Background: Although IgE antibody is clearly involved in allergic reactions to environmental allergens, this immunoglobulin is an important component of host-protective immune responses against the helminthic parasites that are endemic in the majority of the world population. However, these infections not only stimulate the production of antiparasite IgE antibody but can nonspecifically induce polyclonal IgE synthesis that results in highly elevated total serum IgE levels. Such polyclonal stimulation can diminish specific IgE antibody responses and cause saturation of mast cell Fc epsilon receptors, thus inhibiting allergic reactivity. This may represent a mechanism of immune evasion by the parasite.
Objective: Because an atopic disposition is generally recognized to be associated with elevated IgE synthesis against environmental allergens, the aim of this study was to evaluate the influence of atopy on the antiparasite response. To this end, we examined two groups of Venezuelan children in whom the intestinal helminth Ascaris lumbricoides is endemic but that differ greatly in their level of atopy. One group was from an island population (Coche Island) that has a very strong atopic background and in which the prevalence of allergic disease is extremely high. The other was a group of nonatopic children belonging to a mainland population (Barrio Los Erasos) that is of comparable socioeconomic level and has an exposure to helminthic infection similar to that of the island group but a relatively low expression of allergic diseases.
Results: Although the living conditions and the prevalence of Ascaris infection of the two groups were comparable, the intensity of the parasitic infection was considerably higher in the nonatopic mainland children (geometric mean values of eggs per gram of feces: Barrio Los Erasos, 7621; Coche Island, 1435; p < 0.001). In addition, their total serum IgE levels were significantly more elevated than in the atopic island group (geometric mean: Barrio Los Erasos, 2172; Coche Island, 941 IU/ml; p < 0.001). In contrast, the specific anti-Ascaris response was much stronger in the atopic children (geometric mean: Barrio Los Erasos, 0.30; Coche Island, 0.91 PRU/ml; p < 0.001), which resulted in the ratio of specific to total IgE being nine times higher than in the nonatopic mainland subjects. These differences were maintained even when the children were matched on the basis of infection intensity, thus indicating that the atopic children have an intrinsic propensity to favor specific over polyclonal IgE responses to the parasite.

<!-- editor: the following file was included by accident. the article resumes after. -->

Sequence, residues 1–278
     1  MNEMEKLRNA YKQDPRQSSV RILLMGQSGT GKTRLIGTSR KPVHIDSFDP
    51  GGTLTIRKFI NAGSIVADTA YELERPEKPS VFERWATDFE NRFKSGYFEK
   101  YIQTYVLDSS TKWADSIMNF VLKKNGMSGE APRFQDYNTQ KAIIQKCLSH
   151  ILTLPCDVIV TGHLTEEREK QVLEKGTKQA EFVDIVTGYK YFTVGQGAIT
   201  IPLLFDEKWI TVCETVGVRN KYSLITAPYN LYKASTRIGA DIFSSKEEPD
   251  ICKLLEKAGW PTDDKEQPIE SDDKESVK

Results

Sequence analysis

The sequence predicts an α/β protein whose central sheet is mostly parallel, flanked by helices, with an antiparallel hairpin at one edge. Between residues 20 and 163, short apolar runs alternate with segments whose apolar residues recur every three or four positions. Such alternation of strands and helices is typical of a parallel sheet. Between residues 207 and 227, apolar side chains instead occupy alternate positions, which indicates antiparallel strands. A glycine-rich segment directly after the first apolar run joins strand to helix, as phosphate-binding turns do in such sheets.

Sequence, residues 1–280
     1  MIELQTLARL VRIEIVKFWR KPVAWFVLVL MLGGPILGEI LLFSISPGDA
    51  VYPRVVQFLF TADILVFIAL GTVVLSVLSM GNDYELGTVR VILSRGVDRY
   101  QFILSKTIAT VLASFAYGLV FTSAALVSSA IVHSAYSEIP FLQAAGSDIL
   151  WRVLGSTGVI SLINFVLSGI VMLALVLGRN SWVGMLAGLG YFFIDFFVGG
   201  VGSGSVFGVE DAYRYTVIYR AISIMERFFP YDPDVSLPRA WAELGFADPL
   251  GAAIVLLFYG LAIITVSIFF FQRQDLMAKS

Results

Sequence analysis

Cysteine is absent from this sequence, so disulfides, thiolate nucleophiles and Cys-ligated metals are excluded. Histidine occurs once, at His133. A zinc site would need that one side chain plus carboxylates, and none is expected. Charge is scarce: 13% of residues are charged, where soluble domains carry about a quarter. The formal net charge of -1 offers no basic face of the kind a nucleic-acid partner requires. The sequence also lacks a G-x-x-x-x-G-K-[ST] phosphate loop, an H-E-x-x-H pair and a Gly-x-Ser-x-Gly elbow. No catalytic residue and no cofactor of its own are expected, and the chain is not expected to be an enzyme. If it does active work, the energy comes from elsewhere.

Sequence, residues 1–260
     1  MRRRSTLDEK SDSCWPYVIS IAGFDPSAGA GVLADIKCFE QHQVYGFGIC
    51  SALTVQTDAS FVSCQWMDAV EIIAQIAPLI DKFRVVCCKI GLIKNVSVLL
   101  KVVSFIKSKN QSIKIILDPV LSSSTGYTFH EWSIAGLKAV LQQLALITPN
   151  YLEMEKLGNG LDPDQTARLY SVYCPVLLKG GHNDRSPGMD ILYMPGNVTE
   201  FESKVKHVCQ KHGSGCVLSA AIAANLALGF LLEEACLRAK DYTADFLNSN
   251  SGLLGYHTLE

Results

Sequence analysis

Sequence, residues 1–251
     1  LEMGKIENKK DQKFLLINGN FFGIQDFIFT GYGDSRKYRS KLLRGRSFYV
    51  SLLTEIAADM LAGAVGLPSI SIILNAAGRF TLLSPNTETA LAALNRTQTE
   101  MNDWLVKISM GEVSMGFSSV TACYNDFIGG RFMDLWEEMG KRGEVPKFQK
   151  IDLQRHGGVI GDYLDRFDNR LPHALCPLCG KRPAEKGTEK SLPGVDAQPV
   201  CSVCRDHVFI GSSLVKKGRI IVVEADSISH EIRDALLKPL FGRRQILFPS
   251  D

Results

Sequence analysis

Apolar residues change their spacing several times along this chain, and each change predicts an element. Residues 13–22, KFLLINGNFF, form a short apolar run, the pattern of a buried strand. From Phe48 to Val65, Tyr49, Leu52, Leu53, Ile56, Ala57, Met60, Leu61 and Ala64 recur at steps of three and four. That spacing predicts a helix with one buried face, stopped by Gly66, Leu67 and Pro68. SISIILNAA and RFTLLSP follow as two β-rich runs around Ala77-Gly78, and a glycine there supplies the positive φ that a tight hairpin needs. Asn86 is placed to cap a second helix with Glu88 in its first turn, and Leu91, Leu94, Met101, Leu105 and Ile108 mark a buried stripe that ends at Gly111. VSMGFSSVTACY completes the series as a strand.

Conclusions: The children with a strong atopic background demonstrated IgE responses concordant with an enhanced protective response against helminthic parasites and had significantly lower intensities of infection than their nonatopic counterparts. These observations support the concept that the atopic state has conferred a selective evolutionary advantage that could compensate for its involvement in allergic disease.